SOUTHERN RY. CO. V. ELDER.
1070. The order of sale under which the administrator of Creed T. Pendleton sold the remaining half league to pay the outstanding debts of the estate authorized the .sale of 600 acres, or so much (not of the 600 acres, but) of the remaining half league as was necessary to pay all the debts due by the estate of said Pendleton. The entire record in the case shows that in the case of each order of sale issued it was intended that the administrator should deal with the one-half of the entire league and labor, and, as the entire record may be looked to in determining what was sold by the administrator under the approval of the court, it is clear that under the two sales in question the entire right of Creed T. Pendleton to a league and labor of land was intended to be and was sold. Farris v. Gilbert, 50 Tex. 350, 355; Collins v. Ball, 82 Tex. 259, 266, 17 S. W. 614. After the lapse of over 50 years, every reasonable presumption should be indulged in to support titles acquired at administrators' sales made under orders of courts of competent jurisdiction; and where, as in this case, the record shows that the sales as made by the administrator were duly reported with accompanying accounts, showing the disposition of the proceeds, a confirmation of the sales should be presumed, if necessary, to show full title in the purchasers. It follows, from the application of the foregoing propositions to the case in hand, that the trial court erred in excluding the administrator's deeds to ·W. Y. McFarland and J. D. Giddings, and the various deeds and transfers of titles from W. Y. McFarland and J. D. Giddings to the plaintiffs in error, and in giving a peremptory instruction to the jury to find in favor of the defendants in error (plaintiffs below) for any portion of the land in controversy. Other questions raised by the assignments of error need not be considered. The judgment of the circuit court is reversed, and the cause is remanded, with instructions to grant a new triiH, and thereafter proin accordance with the views expressed in this opinion, and as law and justice may require.
SOUTHERN RY. CO. v. ELDER. (Circuit Court of Appeals, Sixth Circuit. No. 400. 1.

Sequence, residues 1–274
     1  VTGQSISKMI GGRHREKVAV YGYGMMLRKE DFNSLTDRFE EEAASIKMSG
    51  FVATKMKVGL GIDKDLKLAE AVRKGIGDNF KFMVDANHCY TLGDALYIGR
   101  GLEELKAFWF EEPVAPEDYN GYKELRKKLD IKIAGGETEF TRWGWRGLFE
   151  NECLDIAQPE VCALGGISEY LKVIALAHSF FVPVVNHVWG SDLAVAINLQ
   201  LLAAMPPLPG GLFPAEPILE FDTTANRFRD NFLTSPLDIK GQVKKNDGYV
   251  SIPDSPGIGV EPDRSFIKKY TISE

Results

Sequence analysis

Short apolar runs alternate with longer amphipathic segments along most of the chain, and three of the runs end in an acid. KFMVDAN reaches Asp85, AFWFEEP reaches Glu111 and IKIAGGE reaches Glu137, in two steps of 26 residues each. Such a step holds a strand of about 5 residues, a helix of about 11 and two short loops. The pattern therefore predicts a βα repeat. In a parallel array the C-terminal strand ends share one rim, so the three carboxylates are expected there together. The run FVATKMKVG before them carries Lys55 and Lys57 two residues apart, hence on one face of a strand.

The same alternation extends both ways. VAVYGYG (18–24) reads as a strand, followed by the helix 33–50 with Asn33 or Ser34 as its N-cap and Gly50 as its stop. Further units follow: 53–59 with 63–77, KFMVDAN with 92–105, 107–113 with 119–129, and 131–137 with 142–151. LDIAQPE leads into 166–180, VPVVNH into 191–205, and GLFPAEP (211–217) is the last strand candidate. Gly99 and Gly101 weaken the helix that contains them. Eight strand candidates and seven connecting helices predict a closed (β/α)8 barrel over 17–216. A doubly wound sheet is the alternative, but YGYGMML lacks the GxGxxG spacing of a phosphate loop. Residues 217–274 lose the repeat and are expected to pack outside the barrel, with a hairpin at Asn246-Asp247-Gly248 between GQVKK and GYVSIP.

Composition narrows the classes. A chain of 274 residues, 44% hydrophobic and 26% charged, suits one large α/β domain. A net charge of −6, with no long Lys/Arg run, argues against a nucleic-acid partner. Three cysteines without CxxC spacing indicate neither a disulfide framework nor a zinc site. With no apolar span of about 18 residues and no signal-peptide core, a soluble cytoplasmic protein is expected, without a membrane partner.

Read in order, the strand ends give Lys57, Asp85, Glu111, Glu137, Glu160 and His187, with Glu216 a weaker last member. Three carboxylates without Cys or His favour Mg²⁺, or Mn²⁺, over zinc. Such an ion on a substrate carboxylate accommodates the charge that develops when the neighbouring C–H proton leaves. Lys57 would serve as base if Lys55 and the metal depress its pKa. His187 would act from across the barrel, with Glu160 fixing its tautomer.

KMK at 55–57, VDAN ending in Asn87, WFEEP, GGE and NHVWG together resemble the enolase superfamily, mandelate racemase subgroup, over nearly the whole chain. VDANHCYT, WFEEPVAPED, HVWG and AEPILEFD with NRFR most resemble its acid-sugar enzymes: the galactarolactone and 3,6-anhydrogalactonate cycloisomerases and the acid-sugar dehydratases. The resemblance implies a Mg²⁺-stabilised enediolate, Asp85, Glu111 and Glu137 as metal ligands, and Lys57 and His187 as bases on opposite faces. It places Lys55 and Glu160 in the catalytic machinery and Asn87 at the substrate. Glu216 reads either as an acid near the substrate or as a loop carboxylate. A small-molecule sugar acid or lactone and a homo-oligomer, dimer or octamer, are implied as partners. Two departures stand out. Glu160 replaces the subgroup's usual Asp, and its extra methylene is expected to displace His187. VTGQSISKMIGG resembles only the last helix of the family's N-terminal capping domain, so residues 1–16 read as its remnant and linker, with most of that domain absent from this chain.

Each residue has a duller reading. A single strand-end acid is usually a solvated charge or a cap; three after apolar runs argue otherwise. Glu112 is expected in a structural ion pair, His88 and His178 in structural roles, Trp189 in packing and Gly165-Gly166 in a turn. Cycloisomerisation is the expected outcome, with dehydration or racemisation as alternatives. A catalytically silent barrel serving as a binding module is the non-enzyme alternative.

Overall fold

RAILROADS-OMTSSION OF SIGNALS AT SEER TO ERECT SIGN. OF ROAD OVER-
July 6, 1897.)
Under Mill. & V. Code Tenn. § 1298, requiring overseers of public roads to erect a sign at each railroad crossing, and providing that "no engine driver shall be compelled to blow the whistle or ring the bell at any crossing unless It is so designated," the servants in charge of a train are not required to give a warning of any kind of the approach of a train to a crossing not so designated.
The plaintiff having alleged in her declaration that the road where the accident occurred was a "public road," she cannot, without amending her declaration, be heard to claim that the road was a private one, even if it should be conceded that that Is material.
In Error to the Circuit Court of the United States for the Eastern District of Tennessee.
81 FEDERAL REPORTER.
This was..an action by the widow of Davis Elder to recover damages for the negligent killing of her husband while crossing the track of the Southern Railway Company at a point where the rallroad was crossed at nght angles by a publlc road upon which the deceased was travellng. . The deceased 81t the time of the accident was driving in a one-horse vehicle, called a "buggy," upon a road which is described in the declaration as "a public road leading from the town of Cleveland, Tennessee, which crossed at grade the track of the railroad owned and operated by plaintiff in error." The only witnesses to the collision were the driver and fireman upon the engine of the company. They 'testified that the train was moving at about 40 miles per hour as it approached the crossing, and was within 30 or 40 yards of the crossing when deceased was observed to be driving on the traCk, and that he had not been sooner seen, though one of them had been on the lookout ahead. They further testified that everything was done to stop the train and warn the deceased which was possible after he was seen. There was a conflict in the evidence as to whether the bell was rung or whistle sounded while approaching this crossing. The deceased was instantly kllled, and tlJere was no direct evIdence as to whether he had stopped or looked or listened before approaching the crossing. There was evidence, however, that the right of way on both sides of the track was so obstructed by weeds and undergrowth as that one undertaking to cross the road in a buggy could not observe the approach of a train on either side of the crossing until within a few feet of the track. There was a verdict and judgment for the plaintiff below, and this writ of error was sued out by the railroad company for the purpose of reversing that judgment.
ThOS. H. Cooke, J. E. Mayfield, Leon Jourolmon, W. L. Welcker, and Henry H.udson, for plaintiff in error. W. L; Humphrey, C. W. Lester, Wiley S. Gaston, N. Q. Adams, and E. B. Madison, for defendant in error. .. Before TAFT and LURTON, Circuit Judges, and HA.'fMOND, J.